Shifting Target #SOL2022 15/31

We’re driving back from the book store and I tell my husband, “Yesterday I was mad at this, and today I’m mad at that.” He’s listening to me, paying attention to the road, the traffic, and lights, and casually says, “Hmm. I wonder what you’ll be mad at tomorrow.” Hearing this, I flinch feeling reactionary and a defensive serge begins which I check and then settle into the idea with a smile thinking, “Yes! What hurt might surface tomorrow with this newly discovered anger?” I am really fortunate to have this human in my life. He helps me talk through my feelings regularly. He’s a feminist, he does all the household chores so I can focus on teaching, he believes me when I share, so there’s no need to mount a defense. But, my body (practiced in perceived assault) does.

My female friends often share their personal and collective anger. Maybe COVID has done this. Maybe it’s our age. We rant in WhatsApp chats and Google Meets, we vent and cry and listen. Sometimes we support one another with lessons or letters or love. These friends are mostly teachers and we are in the business of humanity, so our anger is bound up in everything we experience and everything we do. The personal is professional and the professional is personal. When you are in the business of humanizing educational systems someone or something inequitable or unjust becomes the target of our attention.

We are also in the business of communication, of language. We respond physically to political metaphors which don’t reflect the reality of experience. Take “pivot” for instance. Ask any current Ontario teacher about “pivoting” and I’m guessing they feel a visceral response to the term. We were told that the system will “pivot” during the pandemic and we were told that “systems are in place to make this work”. We, as part of that system, didn’t pivot. We contorted, distorted and twisted ourselves within an inflexible system that many wanted and still want us to return to; they want their version of “normal”.

When I heard Dr. Shawn Ginwright speak about his book, The Four Pivots, I wondered when this was published and if my colleagues might feel a reactionary cringe to the metaphor. I hope not. This book is important, and I think I might have figured out the difference in the metaphor, the difference between the political “pivot” and the social justice “pivot”.

The Ontario government, or more specifically the Minister of Education, Stephen Leece, used the pivot metaphor at the start of the pandemic to control a narrative, an inauthentic story born of expectations and demands rather than a lived experience. Dr. Ginwright uses four metaphors of pivots with beautifully crafted narratives of lived experiences threaded and woven into a tapestry for Reimagining Justice, Reimagining Ourselves. One pivot commands outward, the other pivot invites inward. One pivot transmutes, the other pivot transforms.

I am through the first few chapters: Pivot 1: From Lens to Mirror, Pivot 2: From Transactional to Transformative and am beginning Pivot 3: From Problem to Possibility. It feels like this book found me as I work through the chapter on Clarity and Belonging and my anger at the same time.

We get home from our errands and my husband says, “I see you working through this, and I know it’s important. Just don’t turn that anger in on itself. You’re not wrong for feeling this way. You’re not the target.”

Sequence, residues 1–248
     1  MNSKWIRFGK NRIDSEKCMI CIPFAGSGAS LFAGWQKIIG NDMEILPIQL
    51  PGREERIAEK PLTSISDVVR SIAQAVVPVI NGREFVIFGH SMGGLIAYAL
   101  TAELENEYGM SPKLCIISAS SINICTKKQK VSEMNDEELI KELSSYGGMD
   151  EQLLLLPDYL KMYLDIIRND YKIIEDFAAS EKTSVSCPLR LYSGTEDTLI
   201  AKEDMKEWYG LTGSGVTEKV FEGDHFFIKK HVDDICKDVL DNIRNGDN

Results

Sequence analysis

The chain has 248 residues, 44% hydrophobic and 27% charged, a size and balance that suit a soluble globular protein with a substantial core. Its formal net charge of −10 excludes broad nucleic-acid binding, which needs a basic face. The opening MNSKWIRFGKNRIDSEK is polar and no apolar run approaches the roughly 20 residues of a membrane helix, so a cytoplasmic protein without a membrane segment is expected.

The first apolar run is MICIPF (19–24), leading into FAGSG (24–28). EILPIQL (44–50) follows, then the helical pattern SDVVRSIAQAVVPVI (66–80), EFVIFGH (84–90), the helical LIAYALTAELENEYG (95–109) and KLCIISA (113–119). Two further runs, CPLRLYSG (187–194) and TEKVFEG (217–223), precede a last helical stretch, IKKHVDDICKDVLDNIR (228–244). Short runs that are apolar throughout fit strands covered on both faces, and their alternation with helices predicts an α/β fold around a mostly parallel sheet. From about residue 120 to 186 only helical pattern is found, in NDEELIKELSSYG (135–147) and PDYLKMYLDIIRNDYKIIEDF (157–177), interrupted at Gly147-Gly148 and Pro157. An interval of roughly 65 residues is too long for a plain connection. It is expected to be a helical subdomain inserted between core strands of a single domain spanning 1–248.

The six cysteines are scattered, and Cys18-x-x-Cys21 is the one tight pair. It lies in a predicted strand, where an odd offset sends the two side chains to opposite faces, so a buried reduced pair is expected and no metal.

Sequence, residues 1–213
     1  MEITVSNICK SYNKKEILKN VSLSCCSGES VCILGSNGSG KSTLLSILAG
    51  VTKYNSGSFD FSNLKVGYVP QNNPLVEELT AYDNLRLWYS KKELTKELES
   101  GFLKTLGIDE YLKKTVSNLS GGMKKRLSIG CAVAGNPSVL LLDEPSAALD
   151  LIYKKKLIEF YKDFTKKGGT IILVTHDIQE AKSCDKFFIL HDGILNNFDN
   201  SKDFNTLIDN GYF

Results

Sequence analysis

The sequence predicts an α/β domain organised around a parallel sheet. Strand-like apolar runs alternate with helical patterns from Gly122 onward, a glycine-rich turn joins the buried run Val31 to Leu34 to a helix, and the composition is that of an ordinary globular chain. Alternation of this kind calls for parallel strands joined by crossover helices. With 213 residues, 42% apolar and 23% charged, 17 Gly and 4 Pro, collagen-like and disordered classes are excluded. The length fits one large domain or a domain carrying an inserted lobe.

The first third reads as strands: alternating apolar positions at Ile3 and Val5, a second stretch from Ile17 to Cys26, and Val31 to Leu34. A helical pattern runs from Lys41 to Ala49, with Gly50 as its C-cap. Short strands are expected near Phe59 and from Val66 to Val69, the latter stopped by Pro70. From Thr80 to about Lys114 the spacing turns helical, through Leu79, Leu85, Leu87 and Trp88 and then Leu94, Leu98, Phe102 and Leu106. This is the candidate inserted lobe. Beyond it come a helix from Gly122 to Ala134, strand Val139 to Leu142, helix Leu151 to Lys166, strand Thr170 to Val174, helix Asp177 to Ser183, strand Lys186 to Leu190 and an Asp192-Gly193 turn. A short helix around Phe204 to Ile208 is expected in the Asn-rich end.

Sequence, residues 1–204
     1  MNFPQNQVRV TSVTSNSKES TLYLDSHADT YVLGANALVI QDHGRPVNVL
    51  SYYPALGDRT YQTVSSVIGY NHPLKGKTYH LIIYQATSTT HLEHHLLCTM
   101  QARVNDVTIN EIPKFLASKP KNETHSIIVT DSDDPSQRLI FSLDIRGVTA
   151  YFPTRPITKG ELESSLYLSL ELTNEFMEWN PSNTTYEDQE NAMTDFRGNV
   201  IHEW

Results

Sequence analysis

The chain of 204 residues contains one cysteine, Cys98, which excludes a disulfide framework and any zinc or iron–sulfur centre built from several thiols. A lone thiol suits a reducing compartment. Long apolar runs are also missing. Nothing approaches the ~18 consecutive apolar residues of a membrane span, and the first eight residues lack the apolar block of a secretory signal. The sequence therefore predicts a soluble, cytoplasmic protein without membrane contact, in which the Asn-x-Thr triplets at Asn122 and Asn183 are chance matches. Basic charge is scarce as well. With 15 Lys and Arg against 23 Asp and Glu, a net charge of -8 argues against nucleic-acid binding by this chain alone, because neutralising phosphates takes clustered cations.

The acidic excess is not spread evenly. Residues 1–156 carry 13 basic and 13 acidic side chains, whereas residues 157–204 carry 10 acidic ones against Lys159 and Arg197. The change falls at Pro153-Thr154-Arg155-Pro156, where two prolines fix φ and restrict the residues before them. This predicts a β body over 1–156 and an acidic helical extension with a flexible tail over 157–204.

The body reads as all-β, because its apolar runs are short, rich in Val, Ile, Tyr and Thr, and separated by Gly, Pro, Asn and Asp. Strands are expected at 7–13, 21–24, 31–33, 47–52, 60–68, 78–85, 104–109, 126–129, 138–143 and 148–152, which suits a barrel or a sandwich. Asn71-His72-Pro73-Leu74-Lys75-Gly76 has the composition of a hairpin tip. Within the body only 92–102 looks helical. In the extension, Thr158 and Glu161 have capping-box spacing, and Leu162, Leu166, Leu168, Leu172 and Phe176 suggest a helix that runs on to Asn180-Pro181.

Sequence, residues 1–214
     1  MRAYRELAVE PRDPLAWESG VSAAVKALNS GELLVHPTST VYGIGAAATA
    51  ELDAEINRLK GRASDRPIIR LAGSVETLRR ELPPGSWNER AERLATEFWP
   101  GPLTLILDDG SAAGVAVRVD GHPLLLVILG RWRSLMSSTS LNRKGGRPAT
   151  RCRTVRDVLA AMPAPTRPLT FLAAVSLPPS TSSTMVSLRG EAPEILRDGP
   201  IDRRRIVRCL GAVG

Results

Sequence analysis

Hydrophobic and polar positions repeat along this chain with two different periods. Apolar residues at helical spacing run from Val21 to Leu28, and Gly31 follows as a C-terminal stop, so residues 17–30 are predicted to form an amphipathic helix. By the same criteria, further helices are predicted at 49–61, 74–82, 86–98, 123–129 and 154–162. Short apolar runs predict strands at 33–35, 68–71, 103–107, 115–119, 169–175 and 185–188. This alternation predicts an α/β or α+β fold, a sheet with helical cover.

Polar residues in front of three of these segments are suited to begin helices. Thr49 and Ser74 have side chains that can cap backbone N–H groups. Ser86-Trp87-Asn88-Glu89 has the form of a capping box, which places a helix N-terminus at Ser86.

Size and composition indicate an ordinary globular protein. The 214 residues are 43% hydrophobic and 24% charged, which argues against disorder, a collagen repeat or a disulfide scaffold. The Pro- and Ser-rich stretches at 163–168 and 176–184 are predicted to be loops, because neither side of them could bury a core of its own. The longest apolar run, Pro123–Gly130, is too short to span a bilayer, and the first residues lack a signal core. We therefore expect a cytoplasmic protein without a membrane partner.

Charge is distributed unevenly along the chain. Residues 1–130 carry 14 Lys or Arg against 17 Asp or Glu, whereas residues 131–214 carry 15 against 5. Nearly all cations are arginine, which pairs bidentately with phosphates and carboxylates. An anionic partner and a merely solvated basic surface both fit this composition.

13 thoughts on “Shifting Target #SOL2022 15/31

  1. Melanie, I love the way you share so honestly and also introduce her to your supportive husband. Remember “feelings aren’t right or wrong”. I think it’s important to voice those uncomfortable, embarrassing feelings we all harbor, but more importantly find a way through them Sounds like, with the help of your awesome hubby, you are doing just that. Hang in there.

    Liked by 1 person

  2. Bring married to a feminist is the best. I wish it for all women. Your husband is right: Your anger is righteous and justified. I love these lines most: “We, as part of that system, didn’t pivot. We contorted, distorted and twisted ourselves within an inflexible system that many wanted and still want us to return to; they want their version of “normal”. I share this anger, even though I’m retired. I’m trying not to feel the anger so much. Maybe I need to read that book.

    Liked by 1 person

  3. Pivot is a word that I cringe at every time I hear it now. I could feel the seething as I read pivot!

    It does sound like a good book that you described. Thank you for sharing!

    Liked by 1 person

  4. This is brilliant and complex. I feel that pivot has been used to manipulate individual and excuse poor decision making which leads to the anger when you are honestly attempted to achieve understanding and make a difference. The work of reimagining justice is hard, important work. Thank you for the book title.

    Liked by 1 person

  5. Your hubby is pretty great, truth be told. I love the way you presented this, and now – of course – I want to read the book. This line, “my body (practiced in perceived assault)” stood out to me, especially in its relationship to “We contorted, distorted and twisted ourselves within an inflexible system.” How physical our anger is, and how right G is to remind you (us) not to turn it in on ourselves.

    Liked by 1 person

  6. Thank you for this interesting post! I think I want to read the book, and I appreciate your sharing the link. One of my cringe words is when someone (So many people) start every response with: “so….”

    Liked by 1 person

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